(0:52) I've read about boaters who after several attempts have given up and moved on to another marina. In each case, the boater's frustration led to a diminished review. Don't let that happen to you.
(0:46) I have addressed this issue in various ways in multiple Minutes in the past including the two below:
(0:40) All marinas, especially those who court transient boaters, must have a way to monitor the VHF radio. There is no excuse. And this means always monitoring the traffic. If you don't have someone in the office at all times, then get your dockhands portable radios.
(0:33) I've heard the excuse that dockhands may drop them overboard or lose them or break them. And that will happen from time to time. But it's still a small investment compared to the potential return.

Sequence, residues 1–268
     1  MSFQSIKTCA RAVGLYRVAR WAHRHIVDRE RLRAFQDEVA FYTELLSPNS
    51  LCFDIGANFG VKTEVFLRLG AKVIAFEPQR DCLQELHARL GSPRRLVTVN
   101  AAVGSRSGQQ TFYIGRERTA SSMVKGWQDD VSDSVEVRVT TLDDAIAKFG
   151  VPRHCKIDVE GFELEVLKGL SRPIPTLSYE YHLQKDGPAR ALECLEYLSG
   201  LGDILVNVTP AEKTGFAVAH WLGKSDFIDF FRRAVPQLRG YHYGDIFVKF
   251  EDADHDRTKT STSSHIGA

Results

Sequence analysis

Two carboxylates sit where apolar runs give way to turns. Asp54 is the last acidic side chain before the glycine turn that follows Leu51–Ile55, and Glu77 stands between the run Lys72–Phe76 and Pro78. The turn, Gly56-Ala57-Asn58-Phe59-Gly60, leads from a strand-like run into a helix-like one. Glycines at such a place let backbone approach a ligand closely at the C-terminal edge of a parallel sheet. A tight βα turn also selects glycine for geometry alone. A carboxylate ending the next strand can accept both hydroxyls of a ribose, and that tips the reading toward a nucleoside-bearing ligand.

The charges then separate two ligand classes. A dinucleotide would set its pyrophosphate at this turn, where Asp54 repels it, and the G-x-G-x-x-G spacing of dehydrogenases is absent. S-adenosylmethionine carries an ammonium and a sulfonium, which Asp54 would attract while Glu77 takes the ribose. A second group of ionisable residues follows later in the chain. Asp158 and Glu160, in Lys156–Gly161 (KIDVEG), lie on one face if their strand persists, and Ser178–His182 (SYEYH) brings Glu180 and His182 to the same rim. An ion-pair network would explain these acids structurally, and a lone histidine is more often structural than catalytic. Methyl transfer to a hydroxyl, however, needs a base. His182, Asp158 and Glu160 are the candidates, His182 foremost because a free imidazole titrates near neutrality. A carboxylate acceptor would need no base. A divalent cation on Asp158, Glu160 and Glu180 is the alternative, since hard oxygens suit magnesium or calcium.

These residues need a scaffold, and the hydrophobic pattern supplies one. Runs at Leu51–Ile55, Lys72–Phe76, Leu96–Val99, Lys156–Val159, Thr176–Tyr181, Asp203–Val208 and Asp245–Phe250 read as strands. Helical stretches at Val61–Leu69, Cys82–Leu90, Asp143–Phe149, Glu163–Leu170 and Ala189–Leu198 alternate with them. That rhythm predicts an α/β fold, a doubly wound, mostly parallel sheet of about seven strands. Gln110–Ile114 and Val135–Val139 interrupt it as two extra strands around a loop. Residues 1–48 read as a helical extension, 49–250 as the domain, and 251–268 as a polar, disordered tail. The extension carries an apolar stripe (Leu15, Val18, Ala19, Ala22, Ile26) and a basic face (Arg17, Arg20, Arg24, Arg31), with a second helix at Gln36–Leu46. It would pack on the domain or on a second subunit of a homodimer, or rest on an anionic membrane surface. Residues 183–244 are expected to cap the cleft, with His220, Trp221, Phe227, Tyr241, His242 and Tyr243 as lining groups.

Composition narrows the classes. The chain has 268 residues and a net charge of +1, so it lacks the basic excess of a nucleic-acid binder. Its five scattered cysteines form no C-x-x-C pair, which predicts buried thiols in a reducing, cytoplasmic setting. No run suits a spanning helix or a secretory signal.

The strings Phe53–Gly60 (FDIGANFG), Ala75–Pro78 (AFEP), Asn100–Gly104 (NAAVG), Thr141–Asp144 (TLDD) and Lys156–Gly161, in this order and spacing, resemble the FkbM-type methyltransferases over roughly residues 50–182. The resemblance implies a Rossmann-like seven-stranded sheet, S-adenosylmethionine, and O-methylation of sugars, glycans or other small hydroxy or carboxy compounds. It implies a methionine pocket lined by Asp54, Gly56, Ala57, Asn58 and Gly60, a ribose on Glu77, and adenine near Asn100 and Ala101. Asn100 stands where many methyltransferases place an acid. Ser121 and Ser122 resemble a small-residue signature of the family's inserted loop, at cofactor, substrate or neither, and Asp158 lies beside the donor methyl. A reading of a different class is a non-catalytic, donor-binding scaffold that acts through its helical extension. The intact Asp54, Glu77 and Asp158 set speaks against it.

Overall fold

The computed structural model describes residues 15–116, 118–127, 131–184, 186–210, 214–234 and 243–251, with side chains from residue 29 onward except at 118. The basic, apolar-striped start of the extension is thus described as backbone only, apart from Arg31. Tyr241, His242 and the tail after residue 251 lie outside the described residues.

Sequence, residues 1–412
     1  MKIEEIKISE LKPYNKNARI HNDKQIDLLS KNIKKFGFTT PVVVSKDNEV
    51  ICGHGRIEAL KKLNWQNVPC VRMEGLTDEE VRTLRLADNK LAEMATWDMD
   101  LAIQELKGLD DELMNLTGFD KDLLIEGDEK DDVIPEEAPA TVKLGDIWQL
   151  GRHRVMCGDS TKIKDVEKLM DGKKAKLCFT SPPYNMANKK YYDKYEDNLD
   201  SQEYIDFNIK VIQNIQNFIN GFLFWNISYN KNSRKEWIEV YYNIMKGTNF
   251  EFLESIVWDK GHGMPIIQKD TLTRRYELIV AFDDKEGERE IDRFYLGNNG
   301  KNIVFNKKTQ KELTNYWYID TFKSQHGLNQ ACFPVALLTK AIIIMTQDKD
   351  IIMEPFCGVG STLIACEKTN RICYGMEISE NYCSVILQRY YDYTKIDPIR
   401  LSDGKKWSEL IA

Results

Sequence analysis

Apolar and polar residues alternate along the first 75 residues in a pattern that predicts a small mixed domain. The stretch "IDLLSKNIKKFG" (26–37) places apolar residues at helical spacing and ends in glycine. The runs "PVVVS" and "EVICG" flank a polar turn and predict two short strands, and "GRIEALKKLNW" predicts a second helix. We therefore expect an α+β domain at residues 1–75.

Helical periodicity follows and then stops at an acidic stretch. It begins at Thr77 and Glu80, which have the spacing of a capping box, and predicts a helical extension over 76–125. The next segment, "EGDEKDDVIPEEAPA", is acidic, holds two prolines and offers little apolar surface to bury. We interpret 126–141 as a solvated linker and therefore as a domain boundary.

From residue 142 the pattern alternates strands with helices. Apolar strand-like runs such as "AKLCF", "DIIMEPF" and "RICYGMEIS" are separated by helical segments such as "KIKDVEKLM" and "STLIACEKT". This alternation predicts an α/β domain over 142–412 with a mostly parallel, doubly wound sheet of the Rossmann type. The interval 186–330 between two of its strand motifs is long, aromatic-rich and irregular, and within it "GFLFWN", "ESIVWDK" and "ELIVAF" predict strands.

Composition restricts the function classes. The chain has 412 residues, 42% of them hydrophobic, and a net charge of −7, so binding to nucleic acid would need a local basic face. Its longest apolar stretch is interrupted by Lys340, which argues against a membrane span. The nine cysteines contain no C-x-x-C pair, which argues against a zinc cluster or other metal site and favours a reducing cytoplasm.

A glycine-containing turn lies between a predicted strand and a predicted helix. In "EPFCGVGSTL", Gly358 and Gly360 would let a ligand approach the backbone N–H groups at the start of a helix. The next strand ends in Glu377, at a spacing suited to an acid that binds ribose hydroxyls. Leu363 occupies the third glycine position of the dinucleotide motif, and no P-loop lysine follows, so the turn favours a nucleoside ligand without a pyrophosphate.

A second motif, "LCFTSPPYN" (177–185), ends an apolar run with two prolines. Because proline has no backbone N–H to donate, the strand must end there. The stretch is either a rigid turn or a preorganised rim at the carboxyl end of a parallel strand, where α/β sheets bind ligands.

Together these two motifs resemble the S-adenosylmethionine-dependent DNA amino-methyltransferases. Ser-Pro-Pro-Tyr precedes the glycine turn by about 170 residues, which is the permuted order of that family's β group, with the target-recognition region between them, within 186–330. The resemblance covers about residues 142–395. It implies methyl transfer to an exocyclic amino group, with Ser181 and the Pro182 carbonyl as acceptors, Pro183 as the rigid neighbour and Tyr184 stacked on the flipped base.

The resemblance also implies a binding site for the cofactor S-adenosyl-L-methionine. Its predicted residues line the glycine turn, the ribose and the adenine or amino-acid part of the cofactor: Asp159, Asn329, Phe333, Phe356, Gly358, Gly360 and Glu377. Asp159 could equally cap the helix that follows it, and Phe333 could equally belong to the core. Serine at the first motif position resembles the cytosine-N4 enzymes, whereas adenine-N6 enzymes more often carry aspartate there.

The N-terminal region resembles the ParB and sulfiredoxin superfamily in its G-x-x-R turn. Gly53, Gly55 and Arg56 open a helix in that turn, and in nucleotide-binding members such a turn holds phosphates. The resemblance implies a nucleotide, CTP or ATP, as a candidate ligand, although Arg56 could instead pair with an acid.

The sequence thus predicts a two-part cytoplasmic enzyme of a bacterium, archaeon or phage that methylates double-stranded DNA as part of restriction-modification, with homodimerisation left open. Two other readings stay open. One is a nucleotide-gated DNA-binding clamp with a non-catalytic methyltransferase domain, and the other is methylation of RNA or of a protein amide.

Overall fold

(0:27) I just checked Defender and you can buy a floating handheld VHF for around $100. What's your typical nightly charge for a transient? How many nights are you willing to lose to save the price of the radio?
(0:20) The real point is that boaters expect you to be available on the VHF radio, instantly. Every effort should be made to accommodate that. If I can't reach you via VHF, I'll wonder why. And if I then turn to my cell phone and still receive no response, I very well may move on.
(0:12) I'm not unreasonable. It's not necessary that you take care of me right away, but you do need to acknowledge me, let me know you will get to me shortly, and then do that.
(0:07) There is absolutely nothing more important than responding to a customer. Let me know I'm being heard and I'm more likely to give you my business.
(0:02) And that's the marina minute.